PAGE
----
Sunday, January 24, 2010

How Badly Do I Want Change? con't.

From the ODAT, page 23:

"Learning the Al-Anon program in all its deep meanings, and applying it to my daily life is not simple matter of going to a meeting now and then. Suppose I had decided to learn another language or study art or a science, I would have to work at it every day and practise the things I learned until they became part of me. A philosopher or an artist studies every day for years to perfect himself. How can I hope to perfect myself in the Al-Anon way of life without daily application?"

A few years ago, a friend asked me to teach her the basics of stained glass. I agreed, and we spent quite a few hours down in her basement, working on the fundamentals of how to cut glass, how to foil correctly, and how to solder. My friend then put the glass aside, and didn't touch it again for about 2 years, at which time she asked me to teach her again, because she'd forgotten it all.

I gently refused, instead giving her the excellent instruction book with which I'd taught myself how to do stained glass. (Setting this boundary was very difficult for me, because I respect, admire, and love my friend, and didn't want to upset or annoy her. I reminded her that we'd discussed before the lessons, the fact that I was making an exception for her, because I don't teach anyone how to do glass, and I've had many requests. I'm not a good teacher, I'm too impatient.)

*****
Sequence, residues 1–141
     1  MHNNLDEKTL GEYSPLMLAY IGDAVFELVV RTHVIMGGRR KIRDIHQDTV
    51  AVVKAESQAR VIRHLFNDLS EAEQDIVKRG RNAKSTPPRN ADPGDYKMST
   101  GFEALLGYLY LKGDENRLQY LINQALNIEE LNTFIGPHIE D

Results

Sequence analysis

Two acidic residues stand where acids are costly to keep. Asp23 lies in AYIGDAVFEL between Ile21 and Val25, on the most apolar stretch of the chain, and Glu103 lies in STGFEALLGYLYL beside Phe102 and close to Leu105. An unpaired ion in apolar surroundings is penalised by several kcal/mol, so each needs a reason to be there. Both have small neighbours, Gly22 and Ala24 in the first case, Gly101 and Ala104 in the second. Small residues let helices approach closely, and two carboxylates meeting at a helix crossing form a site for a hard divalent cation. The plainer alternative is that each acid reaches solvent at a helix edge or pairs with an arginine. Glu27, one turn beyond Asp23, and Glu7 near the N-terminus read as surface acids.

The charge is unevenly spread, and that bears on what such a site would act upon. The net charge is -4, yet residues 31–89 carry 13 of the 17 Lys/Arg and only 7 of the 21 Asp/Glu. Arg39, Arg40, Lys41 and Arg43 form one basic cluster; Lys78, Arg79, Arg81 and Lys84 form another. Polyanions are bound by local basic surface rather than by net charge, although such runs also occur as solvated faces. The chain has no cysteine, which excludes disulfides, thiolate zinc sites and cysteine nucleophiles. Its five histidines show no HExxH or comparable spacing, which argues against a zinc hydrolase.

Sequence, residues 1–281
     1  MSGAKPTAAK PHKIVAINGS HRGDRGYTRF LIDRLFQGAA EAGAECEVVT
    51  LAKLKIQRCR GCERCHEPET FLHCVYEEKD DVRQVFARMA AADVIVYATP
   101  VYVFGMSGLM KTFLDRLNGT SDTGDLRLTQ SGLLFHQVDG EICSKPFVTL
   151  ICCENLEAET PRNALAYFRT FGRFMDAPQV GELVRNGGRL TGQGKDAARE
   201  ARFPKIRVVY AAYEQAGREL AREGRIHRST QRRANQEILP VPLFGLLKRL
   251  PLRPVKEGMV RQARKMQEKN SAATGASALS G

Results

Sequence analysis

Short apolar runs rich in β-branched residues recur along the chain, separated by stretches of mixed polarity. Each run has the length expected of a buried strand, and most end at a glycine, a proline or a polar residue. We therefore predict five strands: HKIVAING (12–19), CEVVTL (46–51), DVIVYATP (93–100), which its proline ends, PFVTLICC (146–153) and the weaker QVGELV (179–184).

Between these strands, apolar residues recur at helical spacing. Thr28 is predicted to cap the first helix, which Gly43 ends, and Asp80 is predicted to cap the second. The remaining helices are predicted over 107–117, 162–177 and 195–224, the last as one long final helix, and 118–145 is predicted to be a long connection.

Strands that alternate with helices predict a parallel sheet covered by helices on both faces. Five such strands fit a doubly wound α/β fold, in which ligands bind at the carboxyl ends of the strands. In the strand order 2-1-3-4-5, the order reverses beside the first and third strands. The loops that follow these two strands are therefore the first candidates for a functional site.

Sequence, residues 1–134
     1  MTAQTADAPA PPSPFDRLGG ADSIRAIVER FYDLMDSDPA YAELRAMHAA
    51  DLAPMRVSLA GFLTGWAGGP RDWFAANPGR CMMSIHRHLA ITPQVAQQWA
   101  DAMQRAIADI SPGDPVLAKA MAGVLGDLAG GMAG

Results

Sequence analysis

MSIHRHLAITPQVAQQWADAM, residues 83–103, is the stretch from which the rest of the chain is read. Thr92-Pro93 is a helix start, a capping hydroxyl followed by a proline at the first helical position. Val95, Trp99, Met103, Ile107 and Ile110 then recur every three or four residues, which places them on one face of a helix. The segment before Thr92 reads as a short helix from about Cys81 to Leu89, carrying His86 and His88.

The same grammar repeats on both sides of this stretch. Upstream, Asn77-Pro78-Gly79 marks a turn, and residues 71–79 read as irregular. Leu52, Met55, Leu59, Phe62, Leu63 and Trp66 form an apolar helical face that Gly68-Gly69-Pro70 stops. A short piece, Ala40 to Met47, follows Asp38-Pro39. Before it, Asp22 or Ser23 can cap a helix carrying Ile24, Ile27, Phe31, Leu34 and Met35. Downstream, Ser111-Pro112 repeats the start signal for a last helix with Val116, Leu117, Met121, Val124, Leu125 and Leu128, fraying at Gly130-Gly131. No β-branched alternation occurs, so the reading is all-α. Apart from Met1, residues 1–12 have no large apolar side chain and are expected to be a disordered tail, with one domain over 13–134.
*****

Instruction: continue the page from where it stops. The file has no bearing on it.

I had taken the time to show her how to do it, it was then up to her to utilise that knowledge, or not. Program is just the same.I learn how to utilise the wisdom of Twelve Step through attending meetings, talking to other members, reading, and working with a sponsor. Other members can be of enormous help to me, but unless I'm willing to put the program into practise in my own life, I won't get anywhere.

Some lessons come easily, and I use the information almost immediately. Others, for whatever reason: my ego, or stubborness, or my ever-present desire for control, (simmering away on a back burner like a stock pot) are set aside, in full view, and not touched again for months. Or years, when I was newer to program.

Life has given me sufficient painful instruction in the result of my knowing, yet continuing to turn my face away, and refusing to admit a reality, to reduce my obstinacy considerably by this stage of my journey.

I heard at the meeting someone speak of setting boundaries with himself - I like that. Saying to myself: this far, and no further. Do not go there. You know what happens, so suck it up, turn around, and walk the other way, repeating the Serenity Prayer as you go.


  1. Your share today is one of the clearest examples of setting boundaries that I have heard in a long time. I have set up tough boundaries in the past year that involve my family of origin. It has taken me awhile to be comfortable with this since my old behavior wants to please them, take the blame and not rock the boat so we can "all be happy". Not this time. Now I love them, pray for them and am working on me, my defects that still bubble to the top. Yes, boundaries can be a big step.


  2. Great post. Thanks for sharing.

  3. Yes, those boundaries that I set with myself are the ones that are important. I often cave from what I think is compassion but it is actually fear.